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Warning! Official VRR unsolvable problem in oled TVs!

billyxci

Permabanned.
I got the CX55 and its bloody great. Bright as a badger.
i keep seeing people listing brightness as a negative for OLEDS but my CX is more than bright enough for me. i only have it set to 40 for SDR content and even that feels too bright at a times
 

billyxci

Permabanned.
Oled C9 with real 120hz panel don't have this issue, right ? The problem is CX panel, no ?
wtf you talking about lol.

CX has a "real" 120hz panel too lol. also it's nothing to do with the reduced bandwidth on the CX. HDMI 2.1 is specced to run at 48Gbit/s but the CX is capped to 40 which is enough for 4K 144Hz HDR10 content (requires 39.2) or 5K 60Hz (27.7) but of course the TV doesn't have a 5K 144Hz panel. To run the panel at max of 4K 120Hz HDR10 it only needs 32.3Gbit/s.

the issue with VRR is related to the gamma curve profile which adjusts based on displayed refresh rate. as the frame/refresh rate adjusts so does the gamma. it's not exclusive to the CX as the C9 has the issue too.
 

angelic

Banned
i keep seeing people listing brightness as a negative for OLEDS but my CX is more than bright enough for me. i only have it set to 40 for SDR content and even that feels too bright at a times

same, mines bright as hell, brighter than my excellent plasma, and im only on about 70 to 80% at most. When the full screen goes white, its insane.

I was initially worried about it being dull, i watched the videos showing the pink sky on forza on LCDs (the samsung qleds in particular), and in the end decided I wanted the blue sky colour accuracy of the oled, I can live without crazy brightness. Turns out thas all bullshit, its super bright, ultra accurate, super low input lag, its bloody great. And im just using a ps4 pro on it, nevermind my ps5 which is still in the box.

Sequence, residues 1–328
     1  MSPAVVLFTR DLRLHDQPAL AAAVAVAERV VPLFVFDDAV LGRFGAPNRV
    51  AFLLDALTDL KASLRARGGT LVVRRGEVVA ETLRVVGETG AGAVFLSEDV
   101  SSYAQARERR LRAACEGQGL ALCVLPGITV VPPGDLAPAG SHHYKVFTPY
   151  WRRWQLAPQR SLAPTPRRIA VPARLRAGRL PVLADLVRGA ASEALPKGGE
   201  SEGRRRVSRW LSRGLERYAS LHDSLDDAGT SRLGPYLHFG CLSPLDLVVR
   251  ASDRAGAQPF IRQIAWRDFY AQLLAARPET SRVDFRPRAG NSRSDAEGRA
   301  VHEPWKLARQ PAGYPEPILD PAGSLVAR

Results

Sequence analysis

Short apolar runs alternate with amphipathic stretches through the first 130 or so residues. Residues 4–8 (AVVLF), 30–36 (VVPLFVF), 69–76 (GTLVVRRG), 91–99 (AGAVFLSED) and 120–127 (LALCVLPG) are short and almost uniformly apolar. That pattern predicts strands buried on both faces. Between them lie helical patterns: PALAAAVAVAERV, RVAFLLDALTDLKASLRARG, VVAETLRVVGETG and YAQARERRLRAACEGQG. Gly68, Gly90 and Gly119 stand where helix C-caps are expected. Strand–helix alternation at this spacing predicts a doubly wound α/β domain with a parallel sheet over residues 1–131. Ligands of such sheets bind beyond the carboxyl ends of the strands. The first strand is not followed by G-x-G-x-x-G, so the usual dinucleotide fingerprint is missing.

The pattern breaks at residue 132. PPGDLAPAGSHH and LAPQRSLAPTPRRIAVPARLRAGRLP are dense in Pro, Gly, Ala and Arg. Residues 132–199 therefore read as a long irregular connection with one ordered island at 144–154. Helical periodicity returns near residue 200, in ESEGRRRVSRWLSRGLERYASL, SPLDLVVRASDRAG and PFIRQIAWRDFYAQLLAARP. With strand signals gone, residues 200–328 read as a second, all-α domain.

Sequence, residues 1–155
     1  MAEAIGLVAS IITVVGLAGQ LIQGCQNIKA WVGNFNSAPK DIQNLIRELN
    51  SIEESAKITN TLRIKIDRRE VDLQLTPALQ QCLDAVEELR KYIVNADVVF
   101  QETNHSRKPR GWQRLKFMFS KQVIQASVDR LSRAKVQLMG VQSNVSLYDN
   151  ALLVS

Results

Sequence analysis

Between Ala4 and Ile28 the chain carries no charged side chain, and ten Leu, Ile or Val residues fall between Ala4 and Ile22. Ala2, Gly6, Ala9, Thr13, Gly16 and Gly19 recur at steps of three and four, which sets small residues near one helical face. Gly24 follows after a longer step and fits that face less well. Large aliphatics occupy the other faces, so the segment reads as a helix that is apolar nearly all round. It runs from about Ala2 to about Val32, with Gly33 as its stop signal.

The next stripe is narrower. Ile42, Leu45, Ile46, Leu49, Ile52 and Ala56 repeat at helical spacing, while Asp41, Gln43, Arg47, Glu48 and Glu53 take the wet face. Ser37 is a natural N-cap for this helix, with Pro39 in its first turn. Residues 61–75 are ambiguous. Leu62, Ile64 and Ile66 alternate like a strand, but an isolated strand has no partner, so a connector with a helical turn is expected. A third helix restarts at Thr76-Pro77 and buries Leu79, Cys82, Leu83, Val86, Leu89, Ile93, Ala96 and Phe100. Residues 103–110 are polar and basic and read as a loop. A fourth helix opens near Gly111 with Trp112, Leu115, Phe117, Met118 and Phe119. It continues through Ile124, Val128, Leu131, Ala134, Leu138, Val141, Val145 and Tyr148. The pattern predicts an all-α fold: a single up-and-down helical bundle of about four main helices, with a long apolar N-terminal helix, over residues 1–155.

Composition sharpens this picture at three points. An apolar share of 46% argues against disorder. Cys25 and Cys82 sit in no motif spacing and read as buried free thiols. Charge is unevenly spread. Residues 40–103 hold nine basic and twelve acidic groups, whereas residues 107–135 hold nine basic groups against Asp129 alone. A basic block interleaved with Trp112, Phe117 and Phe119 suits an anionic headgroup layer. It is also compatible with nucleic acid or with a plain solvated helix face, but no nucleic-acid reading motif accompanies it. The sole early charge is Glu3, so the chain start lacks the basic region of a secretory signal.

The gamma issue can be well not fixed but massaged to be less noticeable, a german guy who posts on avsforums made a video showing how to mitigate it on SDR output with PC. His English is not great so I've copied the settings out.

This is only for SDR output.

first method
brightness = 48
side effect is black crush, this is a simple one to try if your on a PC/console.

second method uses calman calibration software and probe and has no black crush.
using settings below may not help your TV.
gamma = bt.1886
brightness = 50 (default)
white balance
IRE
25 = -2
20 = -3
15 = -4
10 = -5
7.5 = -12
5 = -11
2.5 = -4

According to him it helps with games around 60fps which raise the gamma on 120hz output. He also has another video covering HGIG/HDR output on PC.

LG may not be able to fix this but they could add something like the above as an option to enable with VRR in picture settings, just call it VRR gamma mode.

Not everyone will see these things, there are a lot of underling variables in how games perform and the display reacts, LG's fixed 120hz gamma curve means basically the more solid 120fps or near to it the less likely you will see gamma shift.
 

D.Final

Banned
The gamma issue can be well not fixed but massaged to be less noticeable, a german guy who posts on avsforums made a video showing how to mitigate it on SDR output with PC. His English is not great so I've copied the settings out.

This is only for SDR output.

first method
brightness = 48
side effect is black crush, this is a simple one to try if your on a PC/console.

second method uses calman calibration software and probe and has no black crush.
using settings below may not help your TV.
gamma = bt.1886
brightness = 50 (default)
white balance
IRE
25 = -2
20 = -3
15 = -4
10 = -5
7.5 = -12
5 = -11
2.5 = -4

According to him it helps with games around 60fps which raise the gamma on 120hz output. He also has another video covering HGIG/HDR output on PC.

LG may not be able to fix this but they could add something like the above as an option to enable with VRR in picture settings, just call it VRR gamma mode.

Not everyone will see these things, there are a lot of underling variables in how games perform and the display reacts, LG's fixed 120hz gamma curve means basically the more solid 120fps or near to it the less likely you will see gamma shift.
It is a standard shift?
 
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